assume

verb
ADVERB
automatically, naturally

I automatically assumed that you knew about this.

reasonably, safely

I think we can safely assume that this situation will continue.

commonly, generally, usually, widely

It is generally assumed that they were lovers.

implicitly
VERB + ASSUME
can, might
tend to
be fair to, be reasonable to, be safe to

It is reasonable to assume that the economy will continue to improve.

be a mistake to, be wrong to
be easy to

It's all too easy to assume that people know what they are doing.

PHRASES
let us assume

Let us assume for a moment that the plan succeeds.

Assume is used with these nouns as the subject: ↑argument, ↑forecast
Assume is used with these nouns as the object: ↑accent, ↑alias, ↑authority, ↑burden, ↑character, ↑command, ↑control, ↑dominance, ↑duty, ↑existence, ↑expression, ↑familiarity, ↑form, ↑identity, ↑importance, ↑leadership, ↑liability, ↑name, ↑nationality, ↑obligation, ↑office, ↑ownership, ↑position, ↑posture, ↑power, ↑presidency, ↑responsibility, ↑risk, ↑role, ↑shape, ↑significance, ↑stance, ↑superiority, ↑throne, ↑worst

Collocations dictionary. 2013.

Synonyms:

Look at other dictionaries:

  • assume — as·sume vt as·sumed, as·sum·ing 1: to voluntarily take upon oneself assume a risk 2: to take over (the debts or obligations of another) as one s own assume a mortgage Merriam Webster’s Dictionary of Law. Merriam Webster …   Law dictionary

  • assume — UK US /əˈsjuːm/ verb [T] ► to begin to take control of something: assume control/office/a role »Europe has assumed a leadership role in the prevention of future global crises. assume responsibility for sth »The FSA said mortgages would not be… …   Financial and business terms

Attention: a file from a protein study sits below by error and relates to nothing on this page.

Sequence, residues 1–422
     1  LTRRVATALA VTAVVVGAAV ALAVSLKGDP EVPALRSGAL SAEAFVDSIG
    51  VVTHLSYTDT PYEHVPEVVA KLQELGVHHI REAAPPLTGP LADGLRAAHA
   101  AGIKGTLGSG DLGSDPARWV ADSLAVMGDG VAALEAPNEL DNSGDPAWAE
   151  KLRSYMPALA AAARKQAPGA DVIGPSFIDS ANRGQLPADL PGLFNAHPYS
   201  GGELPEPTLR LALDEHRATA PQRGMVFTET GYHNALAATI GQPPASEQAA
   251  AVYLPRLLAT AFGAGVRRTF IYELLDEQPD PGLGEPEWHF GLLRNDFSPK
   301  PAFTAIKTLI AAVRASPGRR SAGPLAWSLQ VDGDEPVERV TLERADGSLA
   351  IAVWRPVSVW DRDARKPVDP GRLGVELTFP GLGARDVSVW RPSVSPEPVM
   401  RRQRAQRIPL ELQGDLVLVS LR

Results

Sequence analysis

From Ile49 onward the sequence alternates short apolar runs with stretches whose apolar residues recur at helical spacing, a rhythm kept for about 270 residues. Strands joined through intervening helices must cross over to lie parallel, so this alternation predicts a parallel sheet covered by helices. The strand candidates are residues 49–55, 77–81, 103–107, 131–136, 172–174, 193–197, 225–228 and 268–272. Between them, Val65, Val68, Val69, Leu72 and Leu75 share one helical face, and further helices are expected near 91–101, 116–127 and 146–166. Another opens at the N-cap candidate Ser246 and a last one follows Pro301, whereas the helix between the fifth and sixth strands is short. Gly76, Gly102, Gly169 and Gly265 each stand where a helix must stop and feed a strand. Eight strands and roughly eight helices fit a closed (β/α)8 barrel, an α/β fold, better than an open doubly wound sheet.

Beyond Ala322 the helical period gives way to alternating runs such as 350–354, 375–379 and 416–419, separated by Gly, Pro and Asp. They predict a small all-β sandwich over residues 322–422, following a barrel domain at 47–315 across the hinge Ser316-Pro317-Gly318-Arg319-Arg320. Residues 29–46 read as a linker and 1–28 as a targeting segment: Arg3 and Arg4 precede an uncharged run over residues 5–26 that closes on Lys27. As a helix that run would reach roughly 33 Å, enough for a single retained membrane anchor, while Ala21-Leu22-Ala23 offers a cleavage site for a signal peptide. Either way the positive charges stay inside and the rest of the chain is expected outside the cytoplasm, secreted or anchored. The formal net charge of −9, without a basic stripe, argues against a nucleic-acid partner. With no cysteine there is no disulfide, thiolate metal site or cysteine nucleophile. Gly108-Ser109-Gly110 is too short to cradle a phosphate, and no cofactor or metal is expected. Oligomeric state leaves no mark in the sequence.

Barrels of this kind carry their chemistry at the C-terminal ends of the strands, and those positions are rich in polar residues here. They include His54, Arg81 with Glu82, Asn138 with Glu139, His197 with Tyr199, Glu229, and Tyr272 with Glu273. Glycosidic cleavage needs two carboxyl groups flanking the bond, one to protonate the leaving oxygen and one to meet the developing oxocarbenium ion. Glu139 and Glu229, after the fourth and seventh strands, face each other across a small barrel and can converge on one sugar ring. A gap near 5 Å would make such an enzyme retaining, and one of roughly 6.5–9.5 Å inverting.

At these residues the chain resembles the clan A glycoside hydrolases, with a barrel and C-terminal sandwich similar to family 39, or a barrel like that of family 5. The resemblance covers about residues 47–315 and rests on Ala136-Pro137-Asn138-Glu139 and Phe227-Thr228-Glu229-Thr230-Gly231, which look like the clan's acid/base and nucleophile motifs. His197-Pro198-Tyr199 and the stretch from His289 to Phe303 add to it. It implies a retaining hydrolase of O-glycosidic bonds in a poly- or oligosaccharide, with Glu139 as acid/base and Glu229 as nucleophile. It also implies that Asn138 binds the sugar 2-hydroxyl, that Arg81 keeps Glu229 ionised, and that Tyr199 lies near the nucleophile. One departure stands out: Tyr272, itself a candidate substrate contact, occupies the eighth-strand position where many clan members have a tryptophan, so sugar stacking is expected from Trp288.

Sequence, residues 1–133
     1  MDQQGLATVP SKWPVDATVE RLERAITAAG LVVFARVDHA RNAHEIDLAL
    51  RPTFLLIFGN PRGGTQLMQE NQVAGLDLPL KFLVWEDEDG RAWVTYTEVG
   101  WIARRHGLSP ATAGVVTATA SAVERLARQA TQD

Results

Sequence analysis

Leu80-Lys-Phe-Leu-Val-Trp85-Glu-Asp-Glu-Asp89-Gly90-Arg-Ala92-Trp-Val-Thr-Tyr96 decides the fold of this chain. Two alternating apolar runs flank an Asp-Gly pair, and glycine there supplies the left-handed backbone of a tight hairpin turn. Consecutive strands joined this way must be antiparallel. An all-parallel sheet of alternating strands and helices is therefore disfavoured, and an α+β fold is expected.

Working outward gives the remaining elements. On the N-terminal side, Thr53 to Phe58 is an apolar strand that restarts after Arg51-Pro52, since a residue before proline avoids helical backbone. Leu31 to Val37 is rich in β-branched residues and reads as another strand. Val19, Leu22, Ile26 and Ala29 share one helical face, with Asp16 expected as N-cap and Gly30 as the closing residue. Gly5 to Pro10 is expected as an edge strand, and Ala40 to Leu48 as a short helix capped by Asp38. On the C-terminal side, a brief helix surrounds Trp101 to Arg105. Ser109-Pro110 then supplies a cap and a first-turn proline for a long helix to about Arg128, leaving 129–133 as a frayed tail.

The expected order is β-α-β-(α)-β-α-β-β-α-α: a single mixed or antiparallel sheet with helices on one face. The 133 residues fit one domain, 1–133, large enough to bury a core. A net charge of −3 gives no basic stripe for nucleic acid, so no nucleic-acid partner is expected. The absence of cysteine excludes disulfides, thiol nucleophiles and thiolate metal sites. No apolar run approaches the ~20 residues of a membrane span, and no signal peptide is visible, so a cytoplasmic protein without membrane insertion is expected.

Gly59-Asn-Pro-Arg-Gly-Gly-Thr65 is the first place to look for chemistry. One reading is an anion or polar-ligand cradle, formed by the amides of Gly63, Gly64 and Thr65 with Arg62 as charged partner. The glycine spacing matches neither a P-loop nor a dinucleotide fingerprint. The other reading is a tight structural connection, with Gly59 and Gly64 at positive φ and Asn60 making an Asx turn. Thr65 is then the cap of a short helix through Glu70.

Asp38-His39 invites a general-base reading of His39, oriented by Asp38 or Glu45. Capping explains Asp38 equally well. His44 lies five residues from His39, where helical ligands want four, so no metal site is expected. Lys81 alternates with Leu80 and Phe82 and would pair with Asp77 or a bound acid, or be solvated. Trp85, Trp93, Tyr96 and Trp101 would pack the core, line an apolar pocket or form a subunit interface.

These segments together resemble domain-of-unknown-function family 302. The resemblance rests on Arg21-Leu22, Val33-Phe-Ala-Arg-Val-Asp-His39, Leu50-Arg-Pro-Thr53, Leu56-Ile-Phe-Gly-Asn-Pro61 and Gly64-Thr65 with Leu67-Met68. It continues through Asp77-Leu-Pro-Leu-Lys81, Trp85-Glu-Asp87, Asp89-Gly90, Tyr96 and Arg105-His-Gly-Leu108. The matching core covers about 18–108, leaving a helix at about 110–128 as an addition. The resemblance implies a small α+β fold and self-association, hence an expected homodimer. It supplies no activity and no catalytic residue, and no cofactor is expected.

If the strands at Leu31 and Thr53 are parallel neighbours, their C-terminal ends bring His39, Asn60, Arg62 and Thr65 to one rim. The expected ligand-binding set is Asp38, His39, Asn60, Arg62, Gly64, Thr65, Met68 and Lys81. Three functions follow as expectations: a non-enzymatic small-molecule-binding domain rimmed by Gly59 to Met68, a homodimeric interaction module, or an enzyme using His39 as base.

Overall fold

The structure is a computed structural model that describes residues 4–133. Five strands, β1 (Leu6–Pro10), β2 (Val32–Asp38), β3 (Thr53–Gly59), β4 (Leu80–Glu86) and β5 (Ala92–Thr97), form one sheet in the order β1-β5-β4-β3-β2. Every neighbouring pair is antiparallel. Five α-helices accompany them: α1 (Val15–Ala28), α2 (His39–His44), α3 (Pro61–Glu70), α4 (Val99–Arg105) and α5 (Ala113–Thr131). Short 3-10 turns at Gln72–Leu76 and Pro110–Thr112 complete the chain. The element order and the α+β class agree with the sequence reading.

• assume — assume, presume 1. Both words can mean ‘suppose’ and are often interchangeable in this meaning. Fowler (1926) maintained that there is a stronger element of postulation or hypothesis in assume and of a belief held on the basis of external… …   Modern English usage

  • assume — [ə so͞om′, əsyo͞om′] vt. assumed, assuming [ME assumen < L assumere, to take up, claim < ad , to + sumere, to take: see CONSUME] 1. to take on or put on (the appearance, form, role, etc. of) 2. to seize; usurp [to assume control] 3. to take …   English World dictionary

  • assume — 1 Assume, affect, pretend, simulate, feign, counterfeit, sham mean to put on a false or deceptive appearance. Assume often implies a pardonable motive rather than an intent to deceive {it sometimes happens that by assuming an air of cheerfulness… …   New Dictionary of Synonyms

  • assume — [v1] believe, take for granted accept, ascertain, be afraid, be inclined to think, conclude, conjecture, consider, count upon, deduce, deem, divine, estimate, expect, fall for, fancy, find, gather, get the idea*, guess, have a hunch*, have… …   New thesaurus

  • Assume — As*sume , v. t. [imp. & p. p. {Assumed}; p. pr. & vb. n. {Assuming}.] [L. assumere; ad + sumere to take; sub + emere to take, buy: cf. F. assumer. See {Redeem}.] 1. To take to or upon one s self; to take formally and demonstratively; sometimes,… …   The Collaborative International Dictionary of English

  • assume — (v.) early 15c., assumpten to receive up into heaven (especially of the Virgin Mary), also assumen to arrogate, from L. assumere to take up, take to oneself, from ad to, up (see AD (Cf. ad )) + sumere to take, from sub under + emere …   Etymology dictionary

  • Assume — As*sume , v. i. 1. To be arrogant or pretentious; to claim more than is due. Bp. Burnet. [1913 Webster] 2. (Law) To undertake, as by a promise. Burrill. [1913 Webster] …   The Collaborative International Dictionary of English

  • assume — an agreement to continue performing duties under a contract or lease (Glossary of Common Bankruptcy Terms) An agreement between the debtor and the other party to an executory contract to continue performing duties under that contract. A lease is… …   Glossary of Bankruptcy

  • assumé — assumé, ée (a su mé, mée) part. passé. La responsabilité assumée par cet employé …   Dictionnaire de la Langue Française d'Émile Littré

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